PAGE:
A Lafayette woman is suing Uber and a former driver for the company who has been charged with raping her after picking her up from a downtown bar.
Maurice Racca, 55, was arrested Oct. 1, 2017, the same day the woman claims she awoke in Racca's rideshare vehicle to him rubbing her while parked outside her apartment in south Lafayette.
The victim rushed inside the apartment and closed the door, but Racca allegedly followed and forced his way inside, according to a June 18 civil lawsuit, which states that Racca “imprisoned her and committed sexual assault, sexual battery, rape and battery."
The victim told Lafayette police that Racca struck her bottom lip with a closed fist, according to an incident report. She was taken to Our Lady of Lourdes Regional Medical Center.
The victim, who was 22 at the time, had been drinking in a bar in downtown Lafayette prior to ordering an Uber car, and fell asleep on the way to her apartment. The incident was reported at 3:01 a.m., according to the police report.
Racca was released on a $100,000 bond.
Racca was charged with second-degree rape and aggravated burglary in a May 1 bill of information in 15th Judicial District Court. A pre-trial hearing is scheduled for Aug. 23.
Uber spokesperson Jodi Page said in an email that Racca’s access to the company’s platform “was removed as soon as this was reported to us last year.” Page said the description of events is “deeply upsetting,” and declined comment on the court proceedings.
Attempts to reach Racca via publicly listed phone numbers were unsuccessful. Racca’s attorney in the criminal case, Kevin Stockstill, did not return a call.
The Lafayette case coincides with corporate upheaval within Uber resulting from sexual assault allegations against drivers, including an April 26 open letter addressed to the company’s board of directors by 14 sexual assault victims. The letter slammed the company’s policy of forcing customers to settle all claims in private arbitration.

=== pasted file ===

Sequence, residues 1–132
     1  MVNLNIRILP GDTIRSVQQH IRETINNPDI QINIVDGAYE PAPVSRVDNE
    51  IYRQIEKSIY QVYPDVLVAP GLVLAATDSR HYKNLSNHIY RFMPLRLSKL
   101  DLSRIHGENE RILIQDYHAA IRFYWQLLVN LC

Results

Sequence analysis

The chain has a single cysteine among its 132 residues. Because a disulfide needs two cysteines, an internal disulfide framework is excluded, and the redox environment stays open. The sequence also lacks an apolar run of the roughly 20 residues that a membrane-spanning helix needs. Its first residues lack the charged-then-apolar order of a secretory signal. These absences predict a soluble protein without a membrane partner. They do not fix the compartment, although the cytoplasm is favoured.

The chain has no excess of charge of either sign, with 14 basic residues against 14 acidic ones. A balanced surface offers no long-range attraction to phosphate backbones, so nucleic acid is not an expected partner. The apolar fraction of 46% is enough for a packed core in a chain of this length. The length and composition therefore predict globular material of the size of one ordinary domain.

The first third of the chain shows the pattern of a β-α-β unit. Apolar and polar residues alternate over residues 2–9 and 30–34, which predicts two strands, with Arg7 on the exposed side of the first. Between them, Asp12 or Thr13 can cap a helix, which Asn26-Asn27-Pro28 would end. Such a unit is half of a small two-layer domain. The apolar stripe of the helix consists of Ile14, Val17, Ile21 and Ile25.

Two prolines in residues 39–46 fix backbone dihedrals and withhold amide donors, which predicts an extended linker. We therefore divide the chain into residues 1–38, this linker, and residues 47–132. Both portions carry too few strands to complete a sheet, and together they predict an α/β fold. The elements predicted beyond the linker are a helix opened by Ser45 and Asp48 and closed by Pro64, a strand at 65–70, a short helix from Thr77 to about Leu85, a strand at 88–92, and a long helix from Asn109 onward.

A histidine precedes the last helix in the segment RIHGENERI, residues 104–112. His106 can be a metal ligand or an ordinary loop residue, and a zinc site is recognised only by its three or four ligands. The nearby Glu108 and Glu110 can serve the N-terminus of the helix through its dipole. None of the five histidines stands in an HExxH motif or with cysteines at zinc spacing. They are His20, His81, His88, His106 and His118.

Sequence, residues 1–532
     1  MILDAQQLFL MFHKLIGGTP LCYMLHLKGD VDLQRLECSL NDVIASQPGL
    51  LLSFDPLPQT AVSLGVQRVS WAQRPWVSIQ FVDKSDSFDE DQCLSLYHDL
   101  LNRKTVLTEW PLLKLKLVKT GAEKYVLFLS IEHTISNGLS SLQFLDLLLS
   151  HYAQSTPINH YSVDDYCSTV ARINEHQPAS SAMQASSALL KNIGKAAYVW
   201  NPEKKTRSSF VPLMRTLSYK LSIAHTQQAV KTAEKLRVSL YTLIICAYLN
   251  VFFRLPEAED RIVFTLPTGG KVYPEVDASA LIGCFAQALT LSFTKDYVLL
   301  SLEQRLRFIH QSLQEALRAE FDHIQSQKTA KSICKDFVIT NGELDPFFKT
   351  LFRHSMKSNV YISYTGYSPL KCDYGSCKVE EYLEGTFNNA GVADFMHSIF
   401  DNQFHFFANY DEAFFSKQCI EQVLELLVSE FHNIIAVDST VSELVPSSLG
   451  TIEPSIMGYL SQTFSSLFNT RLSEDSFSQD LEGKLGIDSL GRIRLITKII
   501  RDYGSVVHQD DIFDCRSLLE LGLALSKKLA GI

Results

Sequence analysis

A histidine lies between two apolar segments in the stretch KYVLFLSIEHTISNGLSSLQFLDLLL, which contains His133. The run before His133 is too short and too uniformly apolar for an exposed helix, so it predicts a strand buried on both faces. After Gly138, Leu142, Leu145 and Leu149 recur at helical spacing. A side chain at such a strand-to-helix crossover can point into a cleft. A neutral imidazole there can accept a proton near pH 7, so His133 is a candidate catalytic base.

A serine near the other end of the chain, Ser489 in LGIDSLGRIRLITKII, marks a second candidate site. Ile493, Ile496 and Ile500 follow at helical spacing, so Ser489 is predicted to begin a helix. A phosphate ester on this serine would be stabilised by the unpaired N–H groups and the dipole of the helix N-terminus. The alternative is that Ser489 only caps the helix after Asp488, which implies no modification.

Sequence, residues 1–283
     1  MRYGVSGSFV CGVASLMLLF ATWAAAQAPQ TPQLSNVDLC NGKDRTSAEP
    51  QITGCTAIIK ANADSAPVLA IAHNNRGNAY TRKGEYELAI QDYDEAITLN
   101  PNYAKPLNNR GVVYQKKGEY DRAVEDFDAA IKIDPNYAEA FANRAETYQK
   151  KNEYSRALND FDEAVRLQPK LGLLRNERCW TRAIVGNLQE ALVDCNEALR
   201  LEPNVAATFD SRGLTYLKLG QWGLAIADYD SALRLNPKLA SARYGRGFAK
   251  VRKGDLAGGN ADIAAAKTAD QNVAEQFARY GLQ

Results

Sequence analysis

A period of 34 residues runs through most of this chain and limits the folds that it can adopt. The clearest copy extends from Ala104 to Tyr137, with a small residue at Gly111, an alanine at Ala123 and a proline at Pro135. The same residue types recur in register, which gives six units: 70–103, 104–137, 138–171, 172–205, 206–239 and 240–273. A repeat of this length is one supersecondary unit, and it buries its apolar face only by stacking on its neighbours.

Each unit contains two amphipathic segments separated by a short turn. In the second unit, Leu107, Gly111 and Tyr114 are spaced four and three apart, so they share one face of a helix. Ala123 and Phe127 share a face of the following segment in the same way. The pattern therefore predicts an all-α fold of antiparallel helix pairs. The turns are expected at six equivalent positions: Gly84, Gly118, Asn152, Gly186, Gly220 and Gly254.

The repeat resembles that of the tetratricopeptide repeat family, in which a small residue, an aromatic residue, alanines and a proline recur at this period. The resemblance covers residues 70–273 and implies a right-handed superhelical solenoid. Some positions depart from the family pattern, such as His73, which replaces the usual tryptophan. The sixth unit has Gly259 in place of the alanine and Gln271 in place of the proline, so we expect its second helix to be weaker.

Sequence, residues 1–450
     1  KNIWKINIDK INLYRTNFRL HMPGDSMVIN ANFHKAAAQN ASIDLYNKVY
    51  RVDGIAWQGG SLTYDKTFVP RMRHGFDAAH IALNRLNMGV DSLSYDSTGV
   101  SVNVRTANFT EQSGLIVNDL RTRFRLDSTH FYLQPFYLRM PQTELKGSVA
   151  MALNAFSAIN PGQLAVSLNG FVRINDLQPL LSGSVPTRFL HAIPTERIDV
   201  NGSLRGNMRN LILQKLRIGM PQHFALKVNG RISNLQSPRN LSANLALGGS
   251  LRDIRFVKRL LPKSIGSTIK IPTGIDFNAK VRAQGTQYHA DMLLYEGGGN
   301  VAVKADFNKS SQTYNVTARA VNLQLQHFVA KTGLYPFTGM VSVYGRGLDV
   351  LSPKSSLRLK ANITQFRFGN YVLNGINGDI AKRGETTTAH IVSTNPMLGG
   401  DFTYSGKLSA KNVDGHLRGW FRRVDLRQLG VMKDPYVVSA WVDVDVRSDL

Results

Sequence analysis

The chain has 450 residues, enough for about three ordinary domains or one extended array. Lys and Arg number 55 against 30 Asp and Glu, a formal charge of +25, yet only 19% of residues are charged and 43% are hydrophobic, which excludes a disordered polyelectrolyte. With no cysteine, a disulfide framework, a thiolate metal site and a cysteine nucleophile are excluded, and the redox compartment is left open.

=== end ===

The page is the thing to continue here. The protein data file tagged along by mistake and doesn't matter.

The company responded May 15 by modifying the policy to allow individuals to pursue sexual assault and harassment claims against the company in open court. The new policy does not include class-action claims like the one the authors of the open letter are pursuing in federal court in the Northern District of California.
As part of that announcement Uber said it will allow claimants to settle with the company without a confidentiality agreement, if they choose. Additionally, the company committed to creating a “safety transparency report” to include information on “sexual assaults and other incidents that occur on the Uber platform.” There is no timetable for rolling out the transparency report.
The civil suit against Racca echos some of the claims in the class-action suit in California, which accuses the company of hiring drivers without adequate identity verification or background checks. The class-action lawsuit also zeroes in on Uber’s history of marketing itself as a safe alternative to intoxicated driving.
The attorney representing the victim in the civil case, Kevin Duck, said Uber makes contradictory statements about itself.
Uber describes itself strictly as a mobile transportation application when trying to differentiate itself from taxicab companies, Duck noted. When marketing itself to customers, however, the company portrays itself as providing a service equivalent to that of a taxicab, he said.
“I don’t think Uber gets to talk out of both sides of its head,” Duck said.
He suggested Uber consider taking a cue from drug commercials that describe possible side affects along with benefits.
“Maybe Uber should simply say, listen, we attempt to put a driver with a passenger, and we exercise due diligence and background checks, but we cannot guarantee your safety,” Duck said.